Nanoparticles can be assembled into periodically ordered superlattices that show promise for a range of technology applications, such as photovoltaics, light-emitting diodes and thermoelectrics (TE). However, researchers still do not fully understand how the particles come together via complex nucleation and other processes.

In the early stages of nucleation, nanoparticles aggregate randomly and form an amorphous structure with limited short-range ordering. The particles then minimize the total free energy in the structure by crystallizing into a long-range ordered superlattice. The nanoparticles appear to behave like hard spheres, packing together to form a fairly simple superlattice phase. However, they also appear to go through various, quite intricate nucleation and growth steps that involve multiple nanoparticle interactions with surface-capping ligands and surrounding solvents.

To better understand these mechanisms, the US-Germany team decided to look at how oleic acid capped lead sulphide nanoparticles just 3.5 nm in size assemble in solution under a wide variety of experimental conditions and different temperatures and pressures. The atomic structure changes occurring at the nanoparticle cores and at the capped ligands can be followed from the same volume of sample using both high-resolution synchrotron small-angle (SAXS) and wide-angle X-ray scattering (WAXS) – new techniques developed by the researchers themselves.

Different polymorphs

The results show that the nanoparticles nucleate in three main superlattice polymorphs: amorphous; body-centred-cubic (bcc); and face-centred-cubic (fcc) phases. The type of superlattice formed can be controlled by changing the distance between the nanoparticles, without touching their size. For example, when the inter-nanoparticle distance is increased, the particles pack together slightly looser but in a more ordered way, and the capping molecules rearrange and change structure, modifying the overall surface energy.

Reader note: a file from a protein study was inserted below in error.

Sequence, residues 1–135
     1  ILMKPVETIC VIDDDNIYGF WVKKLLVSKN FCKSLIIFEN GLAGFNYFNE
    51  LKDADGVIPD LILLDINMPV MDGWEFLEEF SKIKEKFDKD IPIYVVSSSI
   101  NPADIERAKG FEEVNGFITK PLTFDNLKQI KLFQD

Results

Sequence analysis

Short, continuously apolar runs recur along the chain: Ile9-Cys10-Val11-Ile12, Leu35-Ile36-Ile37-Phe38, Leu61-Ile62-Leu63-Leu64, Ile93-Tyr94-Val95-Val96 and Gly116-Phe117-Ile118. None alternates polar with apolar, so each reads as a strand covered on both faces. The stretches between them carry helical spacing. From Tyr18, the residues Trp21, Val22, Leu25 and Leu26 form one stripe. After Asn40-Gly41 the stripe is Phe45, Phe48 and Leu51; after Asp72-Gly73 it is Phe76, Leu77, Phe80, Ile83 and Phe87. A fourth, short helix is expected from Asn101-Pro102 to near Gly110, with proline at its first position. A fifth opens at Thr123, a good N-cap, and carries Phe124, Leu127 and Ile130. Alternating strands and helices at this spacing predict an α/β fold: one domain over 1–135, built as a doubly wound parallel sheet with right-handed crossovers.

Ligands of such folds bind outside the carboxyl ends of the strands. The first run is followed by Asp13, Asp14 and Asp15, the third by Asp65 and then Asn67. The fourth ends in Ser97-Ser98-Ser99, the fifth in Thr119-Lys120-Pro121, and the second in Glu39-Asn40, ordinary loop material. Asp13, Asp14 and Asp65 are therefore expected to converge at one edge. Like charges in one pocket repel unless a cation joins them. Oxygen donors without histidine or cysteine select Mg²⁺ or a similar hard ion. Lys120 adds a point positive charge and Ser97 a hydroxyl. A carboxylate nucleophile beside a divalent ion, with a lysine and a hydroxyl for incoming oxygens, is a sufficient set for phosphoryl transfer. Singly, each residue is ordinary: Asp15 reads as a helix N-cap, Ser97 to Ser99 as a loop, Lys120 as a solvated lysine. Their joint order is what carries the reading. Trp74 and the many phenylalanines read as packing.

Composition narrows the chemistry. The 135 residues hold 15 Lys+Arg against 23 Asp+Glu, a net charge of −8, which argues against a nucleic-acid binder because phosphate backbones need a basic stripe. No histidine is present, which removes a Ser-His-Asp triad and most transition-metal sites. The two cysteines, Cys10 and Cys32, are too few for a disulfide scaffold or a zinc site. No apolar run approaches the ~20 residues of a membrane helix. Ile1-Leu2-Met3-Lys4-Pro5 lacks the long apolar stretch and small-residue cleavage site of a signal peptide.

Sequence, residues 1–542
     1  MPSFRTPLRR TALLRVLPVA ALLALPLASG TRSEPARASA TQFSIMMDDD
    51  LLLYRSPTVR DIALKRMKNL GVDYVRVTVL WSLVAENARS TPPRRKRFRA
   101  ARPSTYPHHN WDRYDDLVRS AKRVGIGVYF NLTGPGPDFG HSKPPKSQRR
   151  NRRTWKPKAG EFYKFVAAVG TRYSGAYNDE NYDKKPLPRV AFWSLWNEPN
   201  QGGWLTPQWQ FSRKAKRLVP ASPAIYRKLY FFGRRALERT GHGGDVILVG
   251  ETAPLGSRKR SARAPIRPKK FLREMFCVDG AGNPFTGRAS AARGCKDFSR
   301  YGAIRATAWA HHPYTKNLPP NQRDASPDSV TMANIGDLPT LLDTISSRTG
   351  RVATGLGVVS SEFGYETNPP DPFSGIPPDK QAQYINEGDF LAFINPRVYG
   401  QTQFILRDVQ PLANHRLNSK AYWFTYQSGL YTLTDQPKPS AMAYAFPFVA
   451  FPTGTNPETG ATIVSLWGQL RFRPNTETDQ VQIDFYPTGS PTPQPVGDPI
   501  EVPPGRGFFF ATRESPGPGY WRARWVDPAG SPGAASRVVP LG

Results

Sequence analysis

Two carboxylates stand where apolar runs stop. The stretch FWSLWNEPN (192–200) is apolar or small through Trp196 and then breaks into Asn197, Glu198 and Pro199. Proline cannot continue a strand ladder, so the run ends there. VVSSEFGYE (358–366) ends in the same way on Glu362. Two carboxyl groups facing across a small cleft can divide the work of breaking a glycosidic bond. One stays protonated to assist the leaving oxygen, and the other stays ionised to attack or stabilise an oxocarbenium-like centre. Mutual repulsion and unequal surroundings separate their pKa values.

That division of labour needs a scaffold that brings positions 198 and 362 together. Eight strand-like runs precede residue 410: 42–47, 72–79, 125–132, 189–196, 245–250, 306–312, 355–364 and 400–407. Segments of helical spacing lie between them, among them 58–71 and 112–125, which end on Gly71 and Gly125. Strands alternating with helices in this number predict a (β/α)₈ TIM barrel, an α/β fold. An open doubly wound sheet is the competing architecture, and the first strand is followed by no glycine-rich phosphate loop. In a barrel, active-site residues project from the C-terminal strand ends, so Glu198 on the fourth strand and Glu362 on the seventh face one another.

“Our analyses have shown that the nanoparticles appear to either maximize entropy or minimize the enthalpy in the structure so as to reduce the total free energy through multiple interactions with the surface molecules,” explained team leader Zhongwu Wang. “These findings will hopefully inspire both experimentalists and theorists to consider the importance of surface capping molecules when modelling these superlattice structures. From an applications point of view, our phase diagrams could offer a guide to material fabrication and help make ‘designer’ solids with specific structures, inter-nanoparticle distances and sizes.”

The researchers now plan to look at binary nanoparticles and other more complex nanostructures. “Using techniques only available in our labs at the Cornell High Energy Synchrotron Source (CHESS), we aim at building up a series of structure-property relation diagrams of confined nanoparticles with different sizes and shapes,” Wang told nanotechweb.org.

The current work is presented in Nano Letters.